In 1977, Steve Biko, leader of the Black Awareness Movement, died from brain injuries after having been in police custody for 24 days. A medical examination indicated that he had received severe blows to the head during his detention. His death led to indignation and bitter reproach, both overseas and locally, especially among black people. The reaction of the government was to ban 17 organisations and two newspapers. The main aim of the Black Awareness Movement was to promote pride in being black.


Learning Outcomes(LOs)
LO 1
HISTORICAL ENQUIRY The learner will be able to use enquiry skills to investigate the past and present.
Assessment Standards(ASs)
We know this when the learner:
1.1 finds sources:
  • identifies sources to help answer the question about the topic;
1.2 works with sources:
  • selects and records relevant information for specific purposes from a variety of sources (e.g. oral, written and visual sources, including maps, graphs and tables, objects, buildings, monuments, museums);
1.3 answers the question:
  • arranges information logically and chronologically in answering questions about people, events, objects, and places in the past.

Questions & Answers

Is there any normative that regulates the use of silver nanoparticles?
Damian Reply
what king of growth are you checking .?
What fields keep nano created devices from performing or assimulating ? Magnetic fields ? Are do they assimilate ?
Stoney Reply
why we need to study biomolecules, molecular biology in nanotechnology?
Adin Reply
yes I'm doing my masters in nanotechnology, we are being studying all these domains as well..
what school?
biomolecules are e building blocks of every organics and inorganic materials.
anyone know any internet site where one can find nanotechnology papers?
Damian Reply
sciencedirect big data base
Introduction about quantum dots in nanotechnology
Praveena Reply
what does nano mean?
Anassong Reply
nano basically means 10^(-9). nanometer is a unit to measure length.
do you think it's worthwhile in the long term to study the effects and possibilities of nanotechnology on viral treatment?
Damian Reply
absolutely yes
how to know photocatalytic properties of tio2 nanoparticles...what to do now
Akash Reply
it is a goid question and i want to know the answer as well
characteristics of micro business
for teaching engĺish at school how nano technology help us
Do somebody tell me a best nano engineering book for beginners?
s. Reply
there is no specific books for beginners but there is book called principle of nanotechnology
what is fullerene does it is used to make bukky balls
Devang Reply
are you nano engineer ?
fullerene is a bucky ball aka Carbon 60 molecule. It was name by the architect Fuller. He design the geodesic dome. it resembles a soccer ball.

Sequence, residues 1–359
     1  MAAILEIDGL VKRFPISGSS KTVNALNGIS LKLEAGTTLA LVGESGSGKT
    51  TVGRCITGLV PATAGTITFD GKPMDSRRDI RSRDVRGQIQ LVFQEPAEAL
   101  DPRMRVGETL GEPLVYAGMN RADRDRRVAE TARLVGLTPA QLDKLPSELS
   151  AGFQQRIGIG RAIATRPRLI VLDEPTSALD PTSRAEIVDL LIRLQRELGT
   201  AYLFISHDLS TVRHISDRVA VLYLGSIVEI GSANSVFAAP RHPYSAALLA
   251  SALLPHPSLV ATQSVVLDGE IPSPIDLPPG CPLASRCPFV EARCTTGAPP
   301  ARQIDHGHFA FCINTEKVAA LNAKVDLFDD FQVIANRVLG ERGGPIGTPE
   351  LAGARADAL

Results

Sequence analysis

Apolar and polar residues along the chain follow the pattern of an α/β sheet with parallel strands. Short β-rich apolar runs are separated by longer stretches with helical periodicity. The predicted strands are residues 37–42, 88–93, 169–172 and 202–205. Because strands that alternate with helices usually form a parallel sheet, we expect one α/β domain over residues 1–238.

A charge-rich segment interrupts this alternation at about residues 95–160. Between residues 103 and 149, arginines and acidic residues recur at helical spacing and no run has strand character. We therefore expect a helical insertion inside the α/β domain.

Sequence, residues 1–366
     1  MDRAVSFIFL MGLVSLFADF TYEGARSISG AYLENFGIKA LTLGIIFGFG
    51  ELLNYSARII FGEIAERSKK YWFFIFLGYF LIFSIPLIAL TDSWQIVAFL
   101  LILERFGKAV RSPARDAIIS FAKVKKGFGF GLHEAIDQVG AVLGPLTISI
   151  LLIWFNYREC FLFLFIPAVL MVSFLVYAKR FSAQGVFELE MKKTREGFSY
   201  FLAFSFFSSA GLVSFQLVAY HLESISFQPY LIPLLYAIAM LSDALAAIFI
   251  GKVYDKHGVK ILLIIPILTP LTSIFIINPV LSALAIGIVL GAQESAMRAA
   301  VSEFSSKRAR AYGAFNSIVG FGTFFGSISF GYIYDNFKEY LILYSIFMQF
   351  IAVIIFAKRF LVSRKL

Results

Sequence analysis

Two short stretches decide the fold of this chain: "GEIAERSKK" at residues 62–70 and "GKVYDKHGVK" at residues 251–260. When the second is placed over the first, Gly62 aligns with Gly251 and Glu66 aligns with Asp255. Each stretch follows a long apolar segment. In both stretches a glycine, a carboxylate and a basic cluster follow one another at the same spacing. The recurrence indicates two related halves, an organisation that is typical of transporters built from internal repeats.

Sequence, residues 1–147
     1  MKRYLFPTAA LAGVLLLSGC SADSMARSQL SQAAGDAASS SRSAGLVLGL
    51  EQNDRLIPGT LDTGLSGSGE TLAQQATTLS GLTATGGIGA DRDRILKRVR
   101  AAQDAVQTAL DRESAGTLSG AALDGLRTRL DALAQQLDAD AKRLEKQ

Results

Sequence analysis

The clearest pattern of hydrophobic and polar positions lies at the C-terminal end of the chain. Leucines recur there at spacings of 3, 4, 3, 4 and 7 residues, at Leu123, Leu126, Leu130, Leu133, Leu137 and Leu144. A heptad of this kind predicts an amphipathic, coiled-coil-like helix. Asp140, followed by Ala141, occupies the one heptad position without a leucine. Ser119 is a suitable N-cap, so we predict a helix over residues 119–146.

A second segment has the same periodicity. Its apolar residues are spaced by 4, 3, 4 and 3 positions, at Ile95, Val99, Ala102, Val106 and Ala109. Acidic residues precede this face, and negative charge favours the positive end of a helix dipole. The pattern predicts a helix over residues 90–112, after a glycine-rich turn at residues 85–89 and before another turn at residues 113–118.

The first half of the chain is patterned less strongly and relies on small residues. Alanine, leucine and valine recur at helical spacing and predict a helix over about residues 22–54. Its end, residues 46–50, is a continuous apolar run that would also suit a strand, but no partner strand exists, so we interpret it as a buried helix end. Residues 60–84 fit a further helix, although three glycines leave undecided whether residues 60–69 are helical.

what is the actual application of fullerenes nowadays?
That is a great question Damian. best way to answer that question is to Google it. there are hundreds of applications for buck minister fullerenes, from medical to aerospace. you can also find plenty of research papers that will give you great detail on the potential applications of fullerenes.
what is the Synthesis, properties,and applications of carbon nano chemistry
Abhijith Reply
Mostly, they use nano carbon for electronics and for materials to be strengthened.
is Bucky paper clear?
carbon nanotubes has various application in fuel cells membrane, current research on cancer drug,and in electronics MEMS and NEMS etc
so some one know about replacing silicon atom with phosphorous in semiconductors device?
s. Reply
Yeah, it is a pain to say the least. You basically have to heat the substarte up to around 1000 degrees celcius then pass phosphene gas over top of it, which is explosive and toxic by the way, under very low pressure.
Do you know which machine is used to that process?
how to fabricate graphene ink ?
for screen printed electrodes ?
What is lattice structure?
s. Reply
of graphene you mean?
or in general
in general
Graphene has a hexagonal structure
On having this app for quite a bit time, Haven't realised there's a chat room in it.
what is biological synthesis of nanoparticles
Sanket Reply
how did you get the value of 2000N.What calculations are needed to arrive at it
Smarajit Reply
Privacy Information Security Software Version 1.1a
Got questions? Join the online conversation and get instant answers!
Jobilize.com Reply

Get the best Algebra and trigonometry course in your pocket!

Source:  OpenStax, History grade 6. OpenStax CNX. Sep 08, 2009 Download for free at http://cnx.org/content/col11011/1.1
Google Play and the Google Play logo are trademarks of Google Inc.

Notification Switch

Would you like to follow the 'History grade 6' conversation and receive update notifications?